In Massachusetts, marijuana is officially out of the shadows and into public life. As a result, many are now finding themselves in uncharted social terrain when it comes to consuming and discussing cannabis.

In her new book, “Higher Etiquette: A Guide to the World of Cannabis, from Dispensaries to Dinner Parties,” Lizzie Post hopes to help people consume cannabis, but with a little bit of class. Post’s book seeks to solve some of the questions that are inevitably going to come up after legalization, such as a guide to the differences between bongs, pipes, spliffs and blunts, how to politely cough in public after taking a hit from a bong, and how to be open about marijuana consumption with friends or significant others who are not as fond of the plant.

“When you take something like cannabis and you lift it out of prohibition and you bring it into a legalized form, and make it available to everyone, it becomes a bigger issue when it comes to social interaction,” Post said. “We have so many more products and methods that we are dealing with and are available to us today that it is a bigger beast than it used to be.”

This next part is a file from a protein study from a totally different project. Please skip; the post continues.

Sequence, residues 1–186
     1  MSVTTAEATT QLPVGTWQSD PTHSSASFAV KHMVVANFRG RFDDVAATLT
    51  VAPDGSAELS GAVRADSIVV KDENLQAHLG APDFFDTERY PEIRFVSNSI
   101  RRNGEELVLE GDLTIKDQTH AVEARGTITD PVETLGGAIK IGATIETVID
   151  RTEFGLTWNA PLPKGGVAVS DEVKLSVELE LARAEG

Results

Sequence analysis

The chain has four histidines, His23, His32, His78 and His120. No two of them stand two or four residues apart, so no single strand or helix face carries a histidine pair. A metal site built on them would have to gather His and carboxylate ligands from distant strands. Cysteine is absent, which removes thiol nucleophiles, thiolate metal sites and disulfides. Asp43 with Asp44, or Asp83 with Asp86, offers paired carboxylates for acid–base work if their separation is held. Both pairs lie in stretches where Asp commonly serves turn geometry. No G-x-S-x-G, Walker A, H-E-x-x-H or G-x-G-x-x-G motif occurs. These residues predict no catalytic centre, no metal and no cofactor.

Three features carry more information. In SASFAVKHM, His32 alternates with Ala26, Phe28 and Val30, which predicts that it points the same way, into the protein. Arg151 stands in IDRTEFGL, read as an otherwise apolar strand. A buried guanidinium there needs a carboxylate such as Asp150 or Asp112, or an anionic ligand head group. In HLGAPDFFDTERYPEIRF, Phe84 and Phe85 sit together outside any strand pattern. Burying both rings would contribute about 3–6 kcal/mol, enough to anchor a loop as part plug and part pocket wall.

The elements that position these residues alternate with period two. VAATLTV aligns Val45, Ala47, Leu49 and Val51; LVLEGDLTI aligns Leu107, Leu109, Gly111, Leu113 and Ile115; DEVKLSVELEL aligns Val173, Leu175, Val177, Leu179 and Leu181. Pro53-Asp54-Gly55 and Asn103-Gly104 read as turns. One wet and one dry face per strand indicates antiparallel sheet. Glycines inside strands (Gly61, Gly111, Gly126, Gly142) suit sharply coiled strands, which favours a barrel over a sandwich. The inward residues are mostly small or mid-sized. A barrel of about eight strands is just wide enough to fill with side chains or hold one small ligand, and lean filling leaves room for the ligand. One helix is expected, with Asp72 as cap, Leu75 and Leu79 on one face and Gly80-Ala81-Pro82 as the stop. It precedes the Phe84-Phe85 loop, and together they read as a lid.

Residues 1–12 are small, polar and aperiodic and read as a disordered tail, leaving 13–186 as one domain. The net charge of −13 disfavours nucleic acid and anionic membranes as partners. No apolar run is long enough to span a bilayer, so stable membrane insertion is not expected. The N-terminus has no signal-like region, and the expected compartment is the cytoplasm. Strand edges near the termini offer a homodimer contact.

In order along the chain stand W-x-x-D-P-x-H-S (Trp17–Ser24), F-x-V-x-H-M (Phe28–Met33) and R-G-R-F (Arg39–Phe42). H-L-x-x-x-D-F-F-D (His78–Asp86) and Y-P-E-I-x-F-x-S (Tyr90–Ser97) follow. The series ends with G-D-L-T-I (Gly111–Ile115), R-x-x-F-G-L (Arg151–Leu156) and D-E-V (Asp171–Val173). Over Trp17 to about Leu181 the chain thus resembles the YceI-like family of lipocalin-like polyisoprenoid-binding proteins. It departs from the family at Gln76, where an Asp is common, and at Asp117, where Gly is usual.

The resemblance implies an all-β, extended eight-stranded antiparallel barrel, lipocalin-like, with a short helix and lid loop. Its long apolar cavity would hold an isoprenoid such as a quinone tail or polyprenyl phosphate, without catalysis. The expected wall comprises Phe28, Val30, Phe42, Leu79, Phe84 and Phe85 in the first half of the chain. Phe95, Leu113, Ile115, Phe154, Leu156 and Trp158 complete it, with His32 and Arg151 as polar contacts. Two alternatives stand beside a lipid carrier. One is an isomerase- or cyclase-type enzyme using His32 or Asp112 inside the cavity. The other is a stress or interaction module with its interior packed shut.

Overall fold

Etiquette is in Post’s blood.

In 1922, her great-great grandmother Emily Post first published the book “Etiquette in Society, in Business, in Politics, and at Home,” a primer for proper manners during the Jazz Age. In 1946, she founded the Emily Post Institute, which is dedicated to updating Emily’s list of rules to reflect changes in social values over the years.

Generations later, Post is now the co-president of the institute, and joked that the idea to write the book was born out of several jokes with her co-workers about the lack of organized principles for how to properly consume marijuana.

“What was really fun for me was after years of being a cannabis consumer and being an etiquette author at Emily Post, to combine the two, because it was certainly a joke in the background for a very long time,” Post said.

While the book is sure to excite frequent consumers, Post also wants the uninitiated who might be weary of marijuana to feel comfortable around it. Post hopes that her book can also introduce a new group of readers to a community she likes, for the most part.

“It was really wonderful to get to really highlight this community, and the fact that it’s an extremely courteous community in a lot of ways,” Post said.